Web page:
02 May How Marijuana Impairs Memory
Memory is the general term used to describe the ability to store information about people, facts and events, and then recall that information at a later point in time. In order to make memories, the brain relies on lasting connections between nerve cells called neurons. The active ingredient in marijuana, called tetrahydrocannabinol (THC), can disrupt the neuron connections required to form short-term memories. However, much of this disruptive ability is unrelated to THC’s direct effects on neurons; instead, it comes from THC’s effects on other cells in the brain called astrocytes, which play a supporting role in several key aspects of brain health.
Memory storage and recall inside the brain are the result of an interactive process between neurons that doctors and researchers refer to as “synaptic plasticity.” Generally speaking, when notable events occur, synaptic plasticity allows neighboring neurons to change their relationships with each other and form unique electrical and chemical connections that represent those occurrences as memories. Some neurons form long-lasting relationships with each other, and therefore form long-term memories that remain stable over extended periods of time. Other neurons form relatively short-term relationships with each other, and therefore form short-term memories that get discarded (or, more accurately, disconnected) when they no longer serve a significant purpose. The portion of the brain with chief responsibility for memory formation, organization and storage is called the hippocampus.
Astrocytes get their name because they have shapes that resemble crude depictions of stars. They belong to a larger group of brain cells called glial cells, and are also known as astroglial cells. Glial cells outnumber neurons in the brain by anywhere from 10 to 50 to 1, and provide the support services required to make the neurons work properly. Known services provided by astrocytes include physical support of the neurons, transportation of the nutrients required for ongoing neuron health, digestion of the leftover material from dead neurons, and disposal of loose cellular debris inside the brain. Astrocytes also help reinforce the integrity of the blood-brain barrier, a grouping of tiny blood vessels (capillaries) that separates the brain from the body’s main blood flow and helps the brain maintain a stable internal environment.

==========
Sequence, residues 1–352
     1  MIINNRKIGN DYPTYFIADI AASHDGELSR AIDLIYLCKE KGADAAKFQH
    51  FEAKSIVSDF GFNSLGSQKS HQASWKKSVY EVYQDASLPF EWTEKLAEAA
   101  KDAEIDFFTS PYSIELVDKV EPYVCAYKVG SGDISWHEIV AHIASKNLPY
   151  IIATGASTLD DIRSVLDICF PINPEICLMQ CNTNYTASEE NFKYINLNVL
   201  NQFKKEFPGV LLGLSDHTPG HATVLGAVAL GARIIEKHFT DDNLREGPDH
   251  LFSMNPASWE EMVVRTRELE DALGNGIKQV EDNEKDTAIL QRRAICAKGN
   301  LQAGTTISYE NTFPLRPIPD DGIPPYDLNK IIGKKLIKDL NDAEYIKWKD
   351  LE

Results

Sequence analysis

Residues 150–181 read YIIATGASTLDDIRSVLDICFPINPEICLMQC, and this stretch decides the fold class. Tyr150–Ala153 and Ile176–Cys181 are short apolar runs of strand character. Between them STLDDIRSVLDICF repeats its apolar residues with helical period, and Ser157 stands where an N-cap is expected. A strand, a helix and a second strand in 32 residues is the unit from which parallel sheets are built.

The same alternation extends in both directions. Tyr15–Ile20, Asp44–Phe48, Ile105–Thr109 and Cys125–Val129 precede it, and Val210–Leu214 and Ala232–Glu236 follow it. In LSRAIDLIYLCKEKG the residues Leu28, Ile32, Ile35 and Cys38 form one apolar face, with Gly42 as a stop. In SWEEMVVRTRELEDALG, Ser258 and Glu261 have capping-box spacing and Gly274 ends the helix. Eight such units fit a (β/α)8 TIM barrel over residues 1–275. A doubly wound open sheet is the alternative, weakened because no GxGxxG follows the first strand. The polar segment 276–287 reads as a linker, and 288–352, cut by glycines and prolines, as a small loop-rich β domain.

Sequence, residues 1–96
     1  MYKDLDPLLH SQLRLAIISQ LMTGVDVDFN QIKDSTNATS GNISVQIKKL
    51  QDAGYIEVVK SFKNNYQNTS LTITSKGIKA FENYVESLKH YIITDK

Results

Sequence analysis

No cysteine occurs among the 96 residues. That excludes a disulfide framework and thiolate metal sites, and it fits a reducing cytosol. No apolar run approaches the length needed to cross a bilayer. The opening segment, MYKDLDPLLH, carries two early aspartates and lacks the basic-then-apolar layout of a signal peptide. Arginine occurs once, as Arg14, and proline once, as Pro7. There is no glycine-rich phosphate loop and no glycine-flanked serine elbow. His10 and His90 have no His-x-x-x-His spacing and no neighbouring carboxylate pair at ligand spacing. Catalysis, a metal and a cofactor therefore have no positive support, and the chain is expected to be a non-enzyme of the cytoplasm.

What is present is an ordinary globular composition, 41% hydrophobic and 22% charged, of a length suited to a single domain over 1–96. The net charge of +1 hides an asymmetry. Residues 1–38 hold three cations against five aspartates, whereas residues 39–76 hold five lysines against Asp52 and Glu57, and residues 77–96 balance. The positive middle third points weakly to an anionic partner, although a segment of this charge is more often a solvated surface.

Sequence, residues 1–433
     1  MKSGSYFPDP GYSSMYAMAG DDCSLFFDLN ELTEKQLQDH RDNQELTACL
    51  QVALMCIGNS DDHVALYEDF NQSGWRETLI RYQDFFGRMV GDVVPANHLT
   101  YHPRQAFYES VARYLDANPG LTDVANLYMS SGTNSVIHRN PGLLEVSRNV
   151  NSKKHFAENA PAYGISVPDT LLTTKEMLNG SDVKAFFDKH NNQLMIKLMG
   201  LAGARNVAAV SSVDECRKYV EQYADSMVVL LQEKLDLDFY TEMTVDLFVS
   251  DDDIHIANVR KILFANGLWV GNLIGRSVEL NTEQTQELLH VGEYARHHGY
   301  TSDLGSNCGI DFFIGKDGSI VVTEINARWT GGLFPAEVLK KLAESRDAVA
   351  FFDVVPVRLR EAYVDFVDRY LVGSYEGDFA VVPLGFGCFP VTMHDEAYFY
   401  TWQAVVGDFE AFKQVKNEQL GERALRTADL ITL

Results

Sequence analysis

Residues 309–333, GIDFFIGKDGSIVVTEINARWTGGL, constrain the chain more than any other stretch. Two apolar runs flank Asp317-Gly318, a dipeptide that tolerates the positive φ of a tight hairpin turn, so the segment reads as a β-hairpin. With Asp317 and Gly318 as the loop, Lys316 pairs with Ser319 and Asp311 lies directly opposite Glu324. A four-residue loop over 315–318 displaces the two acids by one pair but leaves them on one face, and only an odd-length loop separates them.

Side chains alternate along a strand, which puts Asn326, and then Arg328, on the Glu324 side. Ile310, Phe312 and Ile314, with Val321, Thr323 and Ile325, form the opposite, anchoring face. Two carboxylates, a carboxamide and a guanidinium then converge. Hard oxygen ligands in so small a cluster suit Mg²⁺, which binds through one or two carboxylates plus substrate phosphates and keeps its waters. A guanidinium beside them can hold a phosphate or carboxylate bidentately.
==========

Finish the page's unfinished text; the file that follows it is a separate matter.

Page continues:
In order to produce the flexibility required for synaptic plasticity and the formation of new memories, the brain relies heavily on a neurotransmitting chemical called glutamate. Neurotransmitters get their name because they transmit chemical messages between neighboring neurons. In the case of glutamate, the message passed between neurons is a signal to increase the rate of internal neuron activity. Glutamate passes on this message by attaching itself at specific sites on the targeted neurons, called receptor sites, which allow the neurons to “hear” the incoming chemical broadcast.
When the THC from marijuana enters the brain, it alters normal function inside the hippocampus by essentially erasing some of the receptors required to receive glutamate messages, according to a study published in 2012 in the journal Cell. In turn, this receptor erasure triggers a process that leads to a change in synaptic plasticity and a degradation of the ability to properly store memories. In particular, the memories affected by this degradation are the short-term memories (also known as working memories) that keep a person anchored in his or her immediate reality and provide the basis for ongoing participation in everyday routines and events.
THC molecules achieve their damaging effects on glutamate receptors by attaching themselves to other receptor sites in the brain, called cannabinoid receptors. These receptors are found on both neurons and astrocytes. Previously, most researchers had assumed that THC’s impact comes from its attachment to cannabinoid receptors on the neurons, not cannabinoid receptors on the astrocytes. However, according to the authors of the study published in Cell, THC molecules that attach themselves to the brain’s neurons have essentially no effect on the stability of short-term memory. On the other hand, THC molecules that attach themselves to the brain’s astrocytes produce clear deficits in short-term memory formation and stability.
Other neurotransmitters inside the brain that may cause memory problems when adversely influenced by the THC content in marijuana include substances called dopamine and acetylcholine. Apart from the hippocampus, parts of the brain where THC-related memory disruption can occur include the prefrontal cortex-which plays a vital role in the formation of short-term memories-and the amygdala, which helps the brain store and recall emotion-based memories.
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